As I mentioned before, the lack of wine would perhaps be compensated by some refreshing cocktails. In general, I must say I was a bit disappointed at many bars we looked at. Even the Speakeasy on the rooftop of our hotel, The Muse, that was supposed to be one of the best in town was very average. I guess they ranked it based on the view. Cocktail list consist mainly of Mojitos, Martinis and the occasional Sex on the beach. This is what I can get at the local pub, equally boring and poorly made. I guess I was hoping for some nice fruity Daiqiris and a lot of stuff with lemongrass and ginger. But the three restaurants mentioned above did not disappoint in this area either. Gaggan had several pages of drinks under the title Mixology (yes a lot of smoke and dry ice) and Issaya walked the extra mile in both fresh ingredients and look of the cocktails. So we cast aside the wine lists and had some coctails together with our food. I am not a huge fan of the concept, but especially with some spicy Thai cuisine, a fresh cocktail works better than many wines.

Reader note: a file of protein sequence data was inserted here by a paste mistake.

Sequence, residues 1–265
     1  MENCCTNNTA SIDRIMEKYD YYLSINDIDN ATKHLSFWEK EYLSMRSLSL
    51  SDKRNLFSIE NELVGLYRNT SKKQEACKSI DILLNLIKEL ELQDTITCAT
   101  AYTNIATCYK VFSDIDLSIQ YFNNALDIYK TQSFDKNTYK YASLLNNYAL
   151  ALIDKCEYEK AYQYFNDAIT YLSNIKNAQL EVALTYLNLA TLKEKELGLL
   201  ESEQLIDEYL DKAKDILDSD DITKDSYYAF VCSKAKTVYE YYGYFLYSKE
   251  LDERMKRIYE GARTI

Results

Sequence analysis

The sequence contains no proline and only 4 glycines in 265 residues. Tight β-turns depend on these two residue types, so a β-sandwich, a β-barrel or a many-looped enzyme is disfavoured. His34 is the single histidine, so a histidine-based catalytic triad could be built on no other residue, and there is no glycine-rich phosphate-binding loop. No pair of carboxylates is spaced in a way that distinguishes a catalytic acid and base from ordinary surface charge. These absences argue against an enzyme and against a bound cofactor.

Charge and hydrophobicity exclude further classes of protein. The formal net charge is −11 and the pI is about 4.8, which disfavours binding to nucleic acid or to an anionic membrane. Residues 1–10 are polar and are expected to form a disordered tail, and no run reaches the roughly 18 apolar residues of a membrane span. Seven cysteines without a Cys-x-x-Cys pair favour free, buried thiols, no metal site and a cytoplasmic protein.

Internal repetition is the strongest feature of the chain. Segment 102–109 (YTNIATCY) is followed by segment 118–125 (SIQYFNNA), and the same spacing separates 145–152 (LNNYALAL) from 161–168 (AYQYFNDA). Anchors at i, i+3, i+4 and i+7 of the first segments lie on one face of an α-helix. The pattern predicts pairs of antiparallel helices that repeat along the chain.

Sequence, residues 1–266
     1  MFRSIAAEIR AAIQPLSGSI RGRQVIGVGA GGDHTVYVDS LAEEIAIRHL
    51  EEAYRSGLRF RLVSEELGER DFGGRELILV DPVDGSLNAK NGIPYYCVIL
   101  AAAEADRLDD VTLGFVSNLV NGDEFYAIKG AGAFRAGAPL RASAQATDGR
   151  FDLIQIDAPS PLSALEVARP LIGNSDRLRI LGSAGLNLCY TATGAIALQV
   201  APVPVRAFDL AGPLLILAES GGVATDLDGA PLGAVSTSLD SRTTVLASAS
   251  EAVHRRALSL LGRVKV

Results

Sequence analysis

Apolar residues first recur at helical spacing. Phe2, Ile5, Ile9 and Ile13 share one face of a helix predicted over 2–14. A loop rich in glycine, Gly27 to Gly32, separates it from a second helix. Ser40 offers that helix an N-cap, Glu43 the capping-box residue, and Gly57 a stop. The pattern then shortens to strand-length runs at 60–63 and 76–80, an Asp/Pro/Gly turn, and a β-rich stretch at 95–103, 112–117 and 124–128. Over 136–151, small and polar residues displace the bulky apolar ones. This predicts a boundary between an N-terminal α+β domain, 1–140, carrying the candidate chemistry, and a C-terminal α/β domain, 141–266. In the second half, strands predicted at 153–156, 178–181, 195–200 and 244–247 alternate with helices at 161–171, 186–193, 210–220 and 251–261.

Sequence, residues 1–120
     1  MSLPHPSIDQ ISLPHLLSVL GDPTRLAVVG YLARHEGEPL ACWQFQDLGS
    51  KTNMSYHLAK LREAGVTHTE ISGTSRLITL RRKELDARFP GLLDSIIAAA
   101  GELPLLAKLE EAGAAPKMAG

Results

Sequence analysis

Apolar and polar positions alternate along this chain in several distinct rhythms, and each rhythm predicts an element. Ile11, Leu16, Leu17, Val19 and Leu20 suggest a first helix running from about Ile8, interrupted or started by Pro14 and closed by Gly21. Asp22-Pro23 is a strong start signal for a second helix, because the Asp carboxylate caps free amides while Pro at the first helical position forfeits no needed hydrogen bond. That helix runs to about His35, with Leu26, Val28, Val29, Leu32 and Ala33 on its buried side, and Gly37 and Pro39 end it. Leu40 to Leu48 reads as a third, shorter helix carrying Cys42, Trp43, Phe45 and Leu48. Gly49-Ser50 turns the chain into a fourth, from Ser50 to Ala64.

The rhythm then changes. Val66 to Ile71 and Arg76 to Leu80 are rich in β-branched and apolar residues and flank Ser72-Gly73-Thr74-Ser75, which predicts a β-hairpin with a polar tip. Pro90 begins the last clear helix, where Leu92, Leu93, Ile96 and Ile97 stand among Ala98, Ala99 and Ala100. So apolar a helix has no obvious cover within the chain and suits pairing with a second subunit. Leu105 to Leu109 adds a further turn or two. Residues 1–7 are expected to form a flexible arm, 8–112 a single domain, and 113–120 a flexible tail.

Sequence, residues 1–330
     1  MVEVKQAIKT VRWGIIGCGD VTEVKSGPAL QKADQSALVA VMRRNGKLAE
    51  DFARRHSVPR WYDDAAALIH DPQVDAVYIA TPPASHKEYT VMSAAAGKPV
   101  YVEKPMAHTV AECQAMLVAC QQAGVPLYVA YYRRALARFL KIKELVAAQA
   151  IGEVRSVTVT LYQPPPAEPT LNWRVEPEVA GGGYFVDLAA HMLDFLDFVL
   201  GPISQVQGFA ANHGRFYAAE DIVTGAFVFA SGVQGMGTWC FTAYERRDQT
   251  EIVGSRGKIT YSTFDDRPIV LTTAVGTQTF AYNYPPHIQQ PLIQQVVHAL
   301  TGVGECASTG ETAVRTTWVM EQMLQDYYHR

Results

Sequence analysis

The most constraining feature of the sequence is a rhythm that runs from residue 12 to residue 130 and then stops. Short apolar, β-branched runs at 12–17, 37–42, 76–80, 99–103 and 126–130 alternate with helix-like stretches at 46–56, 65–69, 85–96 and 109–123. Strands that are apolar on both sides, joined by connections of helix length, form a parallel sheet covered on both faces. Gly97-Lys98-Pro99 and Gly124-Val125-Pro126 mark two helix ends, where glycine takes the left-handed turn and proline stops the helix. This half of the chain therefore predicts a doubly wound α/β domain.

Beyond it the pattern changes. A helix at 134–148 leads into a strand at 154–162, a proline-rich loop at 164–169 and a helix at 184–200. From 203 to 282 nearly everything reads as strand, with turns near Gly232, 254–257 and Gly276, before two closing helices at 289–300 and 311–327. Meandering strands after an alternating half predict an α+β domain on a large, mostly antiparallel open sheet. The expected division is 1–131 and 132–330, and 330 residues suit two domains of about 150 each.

Thats it for Wineweek 10. Next week will bring some more beach to the picture with posts from Samui. You can also expect more on street food, reviews from London (to keep up the focus on wine) and Ms coffee reviews. Btw. Did you know that coffee has around 1500 different tastes as opposed to wine having only 200. That my friends is why coffee deserves its own reviews. It is such an interesting subject that we have taken it as permanent part of our blog.
Good afternoon from one of my favorite cities in the world, Bangkok. Why do I like it so much, hard to say exactly, but it has something to do with the controlled chaos, excellent food and friendly people, not to mention the warm weather. Perhaps this edition of Wineweek in pictures will give you a small taster of my Bangkok.